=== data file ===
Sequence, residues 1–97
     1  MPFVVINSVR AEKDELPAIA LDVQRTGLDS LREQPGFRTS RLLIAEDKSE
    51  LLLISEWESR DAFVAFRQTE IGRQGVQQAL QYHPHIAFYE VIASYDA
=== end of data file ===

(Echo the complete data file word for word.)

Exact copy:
Sequence, residues 1–97
     1  MPFVVINSVR AEKDELPAIA LDVQRTGLDS LREQPGFRTS RLLIAEDKSE
    51  LLLISEWESR DAFVAFRQTE IGRQGVQQAL QYHPHIAFYE VIASYDA